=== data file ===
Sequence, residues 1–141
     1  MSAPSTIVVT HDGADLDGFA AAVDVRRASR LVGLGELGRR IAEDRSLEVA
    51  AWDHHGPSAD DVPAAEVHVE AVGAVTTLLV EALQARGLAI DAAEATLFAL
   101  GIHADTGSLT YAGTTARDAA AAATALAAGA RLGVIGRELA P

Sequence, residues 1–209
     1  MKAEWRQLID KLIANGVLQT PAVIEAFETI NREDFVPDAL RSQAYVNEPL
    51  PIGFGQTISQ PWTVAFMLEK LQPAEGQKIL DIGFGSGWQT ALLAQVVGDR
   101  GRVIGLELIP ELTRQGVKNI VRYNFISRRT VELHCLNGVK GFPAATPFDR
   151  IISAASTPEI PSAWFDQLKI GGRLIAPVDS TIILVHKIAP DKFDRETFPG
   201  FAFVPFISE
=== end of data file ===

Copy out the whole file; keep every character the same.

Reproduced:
Sequence, residues 1–141
     1  MSAPSTIVVT HDGADLDGFA AAVDVRRASR LVGLGELGRR IAEDRSLEVA
    51  AWDHHGPSAD DVPAAEVHVE AVGAVTTLLV EALQARGLAI DAAEATLFAL
   101  GIHADTGSLT YAGTTARDAA AAATALAAGA RLGVIGRELA P

Sequence, residues 1–209
     1  MKAEWRQLID KLIANGVLQT PAVIEAFETI NREDFVPDAL RSQAYVNEPL
    51  PIGFGQTISQ PWTVAFMLEK LQPAEGQKIL DIGFGSGWQT ALLAQVVGDR
   101  GRVIGLELIP ELTRQGVKNI VRYNFISRRT VELHCLNGVK GFPAATPFDR
   151  IISAASTPEI PSAWFDQLKI GGRLIAPVDS TIILVHKIAP DKFDRETFPG
   201  FAFVPFISE